Women’s History Month (Week Three)

March 15, 2018

The Counseling Corner

By Rev. Judith T. Lester, B.Min. M.Th

“Men, their rights, and nothing more; women, their rights and nothing less.”
– Susan B. Anthony

March is Women’s History Month. Wikipedia defines Women’s History Month as an annual declared month that highlights the contributions of women to events in history and contemporary society. There are so many amazing women throughout history who have made a significant impact on behalf of women rights, freedom and equality. This month, this column is highlighting some of the contributions of women in history. It is this writer’s prayer that you will share these articles with the young people in your life to encourage and inspire them to go on and do great things!

Susan B. Anthony (1820- 1906)

Susan B. Anthony was a suffragist, abolitionist, author and speaker, who served as President of the National American Woman Suffrage Association. Anthony was born on February 15, 1820 in Adams, Massachusetts and worked as a teacher until she went on to become a leading figure in the abolitionist and women’s voting rights movements and worked to end slavery. Anthony’s most notable work is her fight for a woman’s right to vote. It began when Anthony and her family were part of the temperance movement, which wanted the production and sale of alcohol limited or stopped completely. Anthony was inspired to fight for women’s rights while campaigning against alcohol. She was denied the chance to speak at a temperance convention because she was a woman. Anthony realized no one would take women in politics seriously unless women were given the right to vote. Anthony worked tirelessly for this basic right for women. She died in 1906 and women were still not allowed to vote; however, Anthony’s work paved the way for the Nineteenth Amendment to the U.S. Constitution, which gave women the right to vote.

Anthony’s work and dedication also led to the U.S. Treasury Department placing Anthony’s portrait on one dollar coins in 1979, making her the first woman to be so honored.1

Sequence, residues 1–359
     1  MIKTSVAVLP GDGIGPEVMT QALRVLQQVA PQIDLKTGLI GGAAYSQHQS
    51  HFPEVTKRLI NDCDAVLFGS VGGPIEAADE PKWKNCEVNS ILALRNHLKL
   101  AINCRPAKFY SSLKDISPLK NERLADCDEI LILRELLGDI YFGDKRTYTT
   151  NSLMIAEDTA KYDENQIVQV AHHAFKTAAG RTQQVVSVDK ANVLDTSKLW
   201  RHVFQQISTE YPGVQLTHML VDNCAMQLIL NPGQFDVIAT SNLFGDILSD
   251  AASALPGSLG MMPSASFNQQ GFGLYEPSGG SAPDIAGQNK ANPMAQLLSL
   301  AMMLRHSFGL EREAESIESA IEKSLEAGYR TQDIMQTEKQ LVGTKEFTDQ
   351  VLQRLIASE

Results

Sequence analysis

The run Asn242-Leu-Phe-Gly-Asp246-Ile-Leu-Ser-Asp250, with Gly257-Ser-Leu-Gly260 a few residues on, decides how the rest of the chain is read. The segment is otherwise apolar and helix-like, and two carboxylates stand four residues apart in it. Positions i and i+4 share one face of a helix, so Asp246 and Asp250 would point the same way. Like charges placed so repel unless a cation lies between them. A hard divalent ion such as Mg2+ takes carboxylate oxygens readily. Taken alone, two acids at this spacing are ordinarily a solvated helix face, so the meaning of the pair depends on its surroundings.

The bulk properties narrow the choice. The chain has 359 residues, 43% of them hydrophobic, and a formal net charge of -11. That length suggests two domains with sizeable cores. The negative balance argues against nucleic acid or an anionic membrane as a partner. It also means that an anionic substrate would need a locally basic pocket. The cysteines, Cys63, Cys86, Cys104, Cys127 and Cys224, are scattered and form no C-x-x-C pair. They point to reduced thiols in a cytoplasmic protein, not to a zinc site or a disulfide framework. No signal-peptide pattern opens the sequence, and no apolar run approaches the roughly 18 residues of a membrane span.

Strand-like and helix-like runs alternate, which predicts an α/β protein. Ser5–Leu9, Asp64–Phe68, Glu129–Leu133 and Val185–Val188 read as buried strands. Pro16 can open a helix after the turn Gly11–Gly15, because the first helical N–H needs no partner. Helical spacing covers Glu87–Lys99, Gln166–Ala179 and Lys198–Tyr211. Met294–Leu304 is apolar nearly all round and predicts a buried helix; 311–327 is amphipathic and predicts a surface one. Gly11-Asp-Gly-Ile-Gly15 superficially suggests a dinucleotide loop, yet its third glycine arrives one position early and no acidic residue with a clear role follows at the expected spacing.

Contemporary history makers

As we celebrate women history makers, both past and present, we also acknowledge a few contemporary history makers: Viola Davis and Ava DuVernay.

Viola Davis (1965-___).

Growing up in poverty in Rhode Island, oftentimes she didn’t know where her next meal was coming from. Contending with a lot of racial prejudice as a child, and being teased by other classmates because of her race, Viola became the first African American woman to win an Emmy Award for best actress, noting the only thing separating women of color from anyone else is opportunity.

Ava DuVernay (1972-___) is the first black woman nominated for a Golden Globe for best director for her movie Selma. Her documentary 13th was also nominated for an Oscar. She’s also the first woman of color to direct a live-action film with a budget exceeding $100 million (A Wrinkle In Time).

We celebrate Anthony, Davis and DuVernay this Women’s History Month.

1 Sources: Biography.com; History. com

Next Week: Conclusion

The writer does not assume responsibility in any way for readers’ efforts to apply or utilize information or recommendations made in this article, as they may not be necessarily appropriate for every situation to which they may refer. This information is for educational purposes only. If you would like to contact Rev. Lester, write to her c/o P.O. Box 121, Brookfield, WI. 53008.